Look for the Union labeling…..
In one of the news lists I receive, the discussion has focused on teacher union, a rather hot topic these days given the Florida legislature’s pending attempt to eliminate continuing contracts for Florida teachers. One of the comments in the discussion featured the following:
“As far as unions go, from my experience in a few different ones, there is no such thing as a ‘good union.’"
Sadly, this marks the tenor of the discussion about teachers generally and unions specifically. Indeed, calling it a discussion requires a stretch of the imagination. It’s more akin to a lynch mob than a thoughtful discussion.
I find it sad that teachers have become the scapegoat for an entire society’s ills. It confirms my fears about the value of education – or lack thereof - to our culture. Reform is too often code for taking a meat axe to a profession whose members already endure poor pay and often intolerable working conditions. And there is no small amount of irony in adults using skills taught them by teachers to decry the very professionals who helped make them who they are.
Perhaps more troubling is the mindlessness about unions which marks so much of this diatribe. One would think that unions are part of some kind of diabolical plot from the comments we read. Of course, what that demonstrates more than anything else is how skewed to the right our entire political system is in America. Cross the border in either direction and the question of whether unions should be allowed (note the parent/child presumption in this) would be seen as incomprehensible.
Teacher unions may well protect some incompetent teachers from their just deserts. Tenure may well allow some professors who long ago stopped caring about the education of their charges to coast to retirement. Where this is the case, this is where the focus should lie – on dealing with incompetence and lack of concern. But broadside bashing of unions is not only uncritical and thus unhelpful, it simply exacerbates the problem.
I am a fifth generation educator, third generation college educator teaching at least part time for 32 of my 56 years of life. I have taught students from fifth grade to doctoral level. I have worked under a number of managers in the process. And I have always been a union member. There are good reasons for that.
The principal at the middle school where I taught right out of undergraduate was a coach who had been promoted. He had promised to complete a masters degree as a condition of his job. Five years later he had taken one class. He played favorites with the local redneck kids at the expense of the newly arrived kids, mainly transplants from New York. He was racist, homophobic and prone to hit on young female faculty. He spit tobacco juice in a large can from the lunch room during his conferences. There were a lot of things you could say about this man but that I could ever trust him with my professional assessment or job security were not among them.
Five years later the administrator of the public schools hospital-homebound program in which I taught for two years was a rather obtuse (and obese) woman from the Bible Belt. She felt threatened by my law degree and rarely failed to remark about that in my presence. I once listed on the required absentee form my reason for absence as “ague,” a rather humorous (and archaic) way of saying “bad cold.” She returned my form with a sticky note reading “You have to give a reason for your absence.” I copied the definition from the dictionary and returned it to her. Later that year, word came to me that I’d need to find a new job. I did. Upon leaving I was told by a confidante in the administration that this woman had made homophobic remarks about me to fellow administrators from day 1.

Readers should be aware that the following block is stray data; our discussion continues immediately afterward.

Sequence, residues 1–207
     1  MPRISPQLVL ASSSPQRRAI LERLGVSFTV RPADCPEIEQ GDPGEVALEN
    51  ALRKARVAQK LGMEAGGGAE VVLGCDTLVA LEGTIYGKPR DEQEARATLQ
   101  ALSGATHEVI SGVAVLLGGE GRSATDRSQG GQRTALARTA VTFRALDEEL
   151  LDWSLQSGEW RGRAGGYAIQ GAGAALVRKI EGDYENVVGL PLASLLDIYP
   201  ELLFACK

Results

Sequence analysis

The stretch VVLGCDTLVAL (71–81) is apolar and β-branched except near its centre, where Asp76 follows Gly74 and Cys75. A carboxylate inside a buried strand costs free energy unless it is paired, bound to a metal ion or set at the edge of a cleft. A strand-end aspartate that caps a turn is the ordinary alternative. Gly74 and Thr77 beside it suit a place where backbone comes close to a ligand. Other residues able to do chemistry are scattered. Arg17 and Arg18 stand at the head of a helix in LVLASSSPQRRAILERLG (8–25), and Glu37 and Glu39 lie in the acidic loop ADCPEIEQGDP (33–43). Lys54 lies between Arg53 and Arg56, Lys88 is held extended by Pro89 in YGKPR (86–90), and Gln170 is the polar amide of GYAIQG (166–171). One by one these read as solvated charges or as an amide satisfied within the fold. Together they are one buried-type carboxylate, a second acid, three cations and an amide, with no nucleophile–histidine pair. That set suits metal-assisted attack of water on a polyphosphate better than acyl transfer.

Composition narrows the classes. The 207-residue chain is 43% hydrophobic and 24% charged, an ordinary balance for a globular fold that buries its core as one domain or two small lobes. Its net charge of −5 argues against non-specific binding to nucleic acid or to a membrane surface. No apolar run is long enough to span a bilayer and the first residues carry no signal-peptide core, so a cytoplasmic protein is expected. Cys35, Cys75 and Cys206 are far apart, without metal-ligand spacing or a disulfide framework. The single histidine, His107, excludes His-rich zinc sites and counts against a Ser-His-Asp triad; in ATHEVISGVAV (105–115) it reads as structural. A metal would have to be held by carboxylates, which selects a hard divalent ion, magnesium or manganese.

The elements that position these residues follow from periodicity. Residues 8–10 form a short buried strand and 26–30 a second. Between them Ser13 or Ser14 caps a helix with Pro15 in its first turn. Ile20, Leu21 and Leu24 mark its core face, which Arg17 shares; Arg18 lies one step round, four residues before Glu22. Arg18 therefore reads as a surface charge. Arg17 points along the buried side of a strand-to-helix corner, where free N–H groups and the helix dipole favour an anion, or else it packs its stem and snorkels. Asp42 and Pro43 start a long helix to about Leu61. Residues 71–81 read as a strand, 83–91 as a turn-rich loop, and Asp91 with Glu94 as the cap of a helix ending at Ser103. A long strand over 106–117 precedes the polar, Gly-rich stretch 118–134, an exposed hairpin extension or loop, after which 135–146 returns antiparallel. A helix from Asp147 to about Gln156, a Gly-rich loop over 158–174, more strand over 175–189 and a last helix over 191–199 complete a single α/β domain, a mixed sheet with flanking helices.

If I based my understanding of management solely on these two examples, I’d come to the conclusion that educational management is incompetent and misanthropic. If I used the logic of the teacher union lynch mob, I would go on a crusade to reduce if not eliminate most educational management. Of course, that would be reducing an entire group of people to its worst examples. It would be intellectually lazy and dishonest. I refuse to do that. And my current department chair at the university where I teach is the example of why such is not appropriate. He is quite fair, open minded, highly qualified and effective. He cares deeply about his instructors and his students. So, while my examples do not make a case for a mindless dismissal of all educational management, they do readily illustrate why teachers need unions.
Without the union, I would have been fired mid year in both of those public school positions. The first required me to work at $8000/year gross, no benefits (1977) and no contract. The school board members publicly called their teachers “fools” and said if they didn’t like working for near the poverty level, they could leave. In the second job, I grieved the school board twice and won twice for contract violations. Little wonder that a teacher with a law degree intent on holding the board to its contractual obligations would become a target for firing.
Unions are a necessary evil. They are not perfect, anymore than any other human institution. But that includes the management to which teachers are subject. To leave teachers defenseless against arbitrary and sometimes incompetent managers does not promote quality education, it generates dissension, low morale and resentment.
The Rev. Harry Scott Coverston, J.D., Ph.D.
Member, Florida Bar (inactive status)
Priest, Episcopal Church (Dio. of El Camino Real, CA)
Instructor: Humanities, Religion, Philosophy of Law
University of Central Florida, Orlando
If the unexamined life is not worth living, surely an unexamined belief system, be it religious or political, is not worth holding.
Most things of value do not lend themselves to production in sound bytes.